Written by Administrator Saturday, 23 June 2012 14:36
24 June 2012
Birthday of john the Baptist
I remember distinctly the first time I heard Robert Mugabe speak. It was March 1975, a time when different leaders of the nationalist movements were beating about the bush proposing various remedies. Mugabe spoke clearly and radically about the only solution that would settle the burning issue of the time. You could hear a pin drop. He had the total attention of everyone present.
We like clear solutions. What is painful in our present situation is that no one is providing a clear message of hope. We carry on, as it were, in the dark. The prophets of old shook their society with the clarity of their message and the earnestness with which they delivered it. ‘How long’ Elijah said, ‘do you mean to hobble first on one leg then on the other?’ (I Kings 18:21). Abraham Heschel, in The Prophets, describes their words not as reflections but as ‘onslaughts, scuttling illusions of false security, challenging evasions.’ ‘(The prophet’s) life and soul are at stake in what he says and in what is going to happens to what he says.’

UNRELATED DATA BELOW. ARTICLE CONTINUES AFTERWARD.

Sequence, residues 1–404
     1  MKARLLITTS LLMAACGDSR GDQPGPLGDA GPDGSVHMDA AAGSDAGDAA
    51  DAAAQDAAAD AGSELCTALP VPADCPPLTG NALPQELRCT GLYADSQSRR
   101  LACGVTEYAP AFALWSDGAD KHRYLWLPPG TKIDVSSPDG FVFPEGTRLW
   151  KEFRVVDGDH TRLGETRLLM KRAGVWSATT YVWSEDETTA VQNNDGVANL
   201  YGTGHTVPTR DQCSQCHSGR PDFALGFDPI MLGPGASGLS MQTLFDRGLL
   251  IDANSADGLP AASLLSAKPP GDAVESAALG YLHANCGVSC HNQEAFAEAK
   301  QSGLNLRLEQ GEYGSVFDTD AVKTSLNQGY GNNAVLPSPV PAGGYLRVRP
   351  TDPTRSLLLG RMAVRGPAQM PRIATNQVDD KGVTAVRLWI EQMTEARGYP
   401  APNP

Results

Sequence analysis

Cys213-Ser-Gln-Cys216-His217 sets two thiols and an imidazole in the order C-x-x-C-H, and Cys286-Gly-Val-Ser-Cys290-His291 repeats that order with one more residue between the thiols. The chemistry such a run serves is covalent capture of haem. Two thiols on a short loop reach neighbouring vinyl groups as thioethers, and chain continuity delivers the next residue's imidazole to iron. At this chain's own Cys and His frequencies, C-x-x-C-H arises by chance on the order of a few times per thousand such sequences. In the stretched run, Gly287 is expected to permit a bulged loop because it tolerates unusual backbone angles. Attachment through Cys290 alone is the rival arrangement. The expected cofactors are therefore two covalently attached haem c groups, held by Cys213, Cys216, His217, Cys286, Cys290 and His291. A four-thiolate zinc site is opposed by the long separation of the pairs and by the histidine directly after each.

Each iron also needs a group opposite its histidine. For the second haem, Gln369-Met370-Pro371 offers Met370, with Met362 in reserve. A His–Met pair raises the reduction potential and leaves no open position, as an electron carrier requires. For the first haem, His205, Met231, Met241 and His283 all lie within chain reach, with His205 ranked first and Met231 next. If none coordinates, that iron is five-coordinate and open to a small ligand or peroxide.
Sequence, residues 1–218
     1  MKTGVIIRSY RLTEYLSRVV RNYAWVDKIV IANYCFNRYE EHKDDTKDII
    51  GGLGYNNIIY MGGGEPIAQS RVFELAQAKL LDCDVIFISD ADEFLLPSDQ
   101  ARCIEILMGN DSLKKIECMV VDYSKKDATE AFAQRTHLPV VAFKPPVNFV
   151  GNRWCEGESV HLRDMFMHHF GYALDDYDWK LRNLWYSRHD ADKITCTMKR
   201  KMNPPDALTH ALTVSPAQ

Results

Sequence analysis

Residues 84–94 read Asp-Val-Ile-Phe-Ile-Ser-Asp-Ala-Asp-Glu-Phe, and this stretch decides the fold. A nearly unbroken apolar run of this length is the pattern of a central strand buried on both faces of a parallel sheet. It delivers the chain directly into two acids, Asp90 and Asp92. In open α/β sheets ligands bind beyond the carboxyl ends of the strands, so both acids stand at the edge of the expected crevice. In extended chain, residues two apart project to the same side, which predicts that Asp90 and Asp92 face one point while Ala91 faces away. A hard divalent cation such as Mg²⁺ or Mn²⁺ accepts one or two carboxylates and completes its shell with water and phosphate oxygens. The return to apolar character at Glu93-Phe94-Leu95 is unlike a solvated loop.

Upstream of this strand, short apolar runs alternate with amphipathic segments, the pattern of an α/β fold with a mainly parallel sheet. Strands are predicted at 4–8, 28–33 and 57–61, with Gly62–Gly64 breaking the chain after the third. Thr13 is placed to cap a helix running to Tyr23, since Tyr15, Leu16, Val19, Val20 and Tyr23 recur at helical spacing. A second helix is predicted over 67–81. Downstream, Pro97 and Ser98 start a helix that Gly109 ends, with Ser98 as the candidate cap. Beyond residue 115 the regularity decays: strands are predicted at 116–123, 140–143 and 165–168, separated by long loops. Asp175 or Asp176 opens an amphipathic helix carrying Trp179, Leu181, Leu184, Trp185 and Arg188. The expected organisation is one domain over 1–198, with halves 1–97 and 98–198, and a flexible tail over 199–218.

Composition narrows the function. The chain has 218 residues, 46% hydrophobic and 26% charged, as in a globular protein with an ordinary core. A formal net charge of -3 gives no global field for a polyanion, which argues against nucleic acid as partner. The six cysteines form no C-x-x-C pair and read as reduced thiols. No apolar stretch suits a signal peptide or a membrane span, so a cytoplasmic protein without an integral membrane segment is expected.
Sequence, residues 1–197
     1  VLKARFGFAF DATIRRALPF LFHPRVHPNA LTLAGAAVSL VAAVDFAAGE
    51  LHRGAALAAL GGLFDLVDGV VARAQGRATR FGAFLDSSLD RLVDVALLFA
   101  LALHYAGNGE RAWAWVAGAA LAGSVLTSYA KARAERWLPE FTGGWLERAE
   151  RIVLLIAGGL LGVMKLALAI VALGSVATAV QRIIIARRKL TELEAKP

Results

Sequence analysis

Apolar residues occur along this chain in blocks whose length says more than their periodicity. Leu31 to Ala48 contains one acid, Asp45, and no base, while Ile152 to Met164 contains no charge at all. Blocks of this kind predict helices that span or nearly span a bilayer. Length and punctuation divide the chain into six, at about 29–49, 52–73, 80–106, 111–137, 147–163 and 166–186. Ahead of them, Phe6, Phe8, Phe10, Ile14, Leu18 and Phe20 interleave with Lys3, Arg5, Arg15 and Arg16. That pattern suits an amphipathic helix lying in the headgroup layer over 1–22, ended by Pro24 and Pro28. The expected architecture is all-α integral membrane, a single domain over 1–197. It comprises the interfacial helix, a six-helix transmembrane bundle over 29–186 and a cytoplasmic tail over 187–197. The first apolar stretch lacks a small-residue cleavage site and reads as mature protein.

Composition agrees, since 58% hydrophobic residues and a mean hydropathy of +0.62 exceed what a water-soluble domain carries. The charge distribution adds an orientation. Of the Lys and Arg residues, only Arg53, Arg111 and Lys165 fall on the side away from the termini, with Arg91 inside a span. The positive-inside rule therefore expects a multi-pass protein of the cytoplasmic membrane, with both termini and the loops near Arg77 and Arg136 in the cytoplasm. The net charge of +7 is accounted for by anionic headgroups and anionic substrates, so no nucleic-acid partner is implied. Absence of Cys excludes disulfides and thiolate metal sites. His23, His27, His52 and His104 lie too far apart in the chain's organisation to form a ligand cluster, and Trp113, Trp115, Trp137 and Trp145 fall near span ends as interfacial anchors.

The prophets saw things starkly. Either people returned to God or there would be disaster. Amos warns against those who say ‘we can buy up the weak for silver … but the earth will tremble for this’ (Amos 8:6-8). John the Baptist was part of this tradition and his words fit with those of the old prophets of Israel: ‘brood of vipers, who warned you to flee from the coming retribution? … Even now the axe is being laid to the root of the trees’ (Matt 3:7-10).
June 24 has been kept since ancient times as the birthday of John. It is just six months before Christmas and marks, in the northern hemisphere at least, the beginning of the waning of the sun, nicely fitting with John’s words, ‘he must grow greater; I must grow less’ (John 3:30).
So the prophet is characteristically a ‘sharp sword’ (Isaiah 49:2). Jesus spoke out too against hypocrites but when we think of his words perhaps our dominant impression is not of harsh judgement but of attractiveness and encouragement. The very next chapter in John’s gospel, after the one cited about the Baptist, describes Jesus’ meeting with the Samaritan woman. Judging by what we know of the Pharisees they would have judged her harshly. But Jesus is the opposite; he encourages her and draws her to the ‘spring of water, welling up to eternal life’ (John 4:14).
So which do you want to hear; sharp unsettling warnings of disaster or encouraging words of perseverance and hope? No doubt the answer is clear. But sometimes the old prophetic tradition of stark clarity can help us wake up and concentrate our minds on impounding calamity.
Fr David Harold-Barry SJ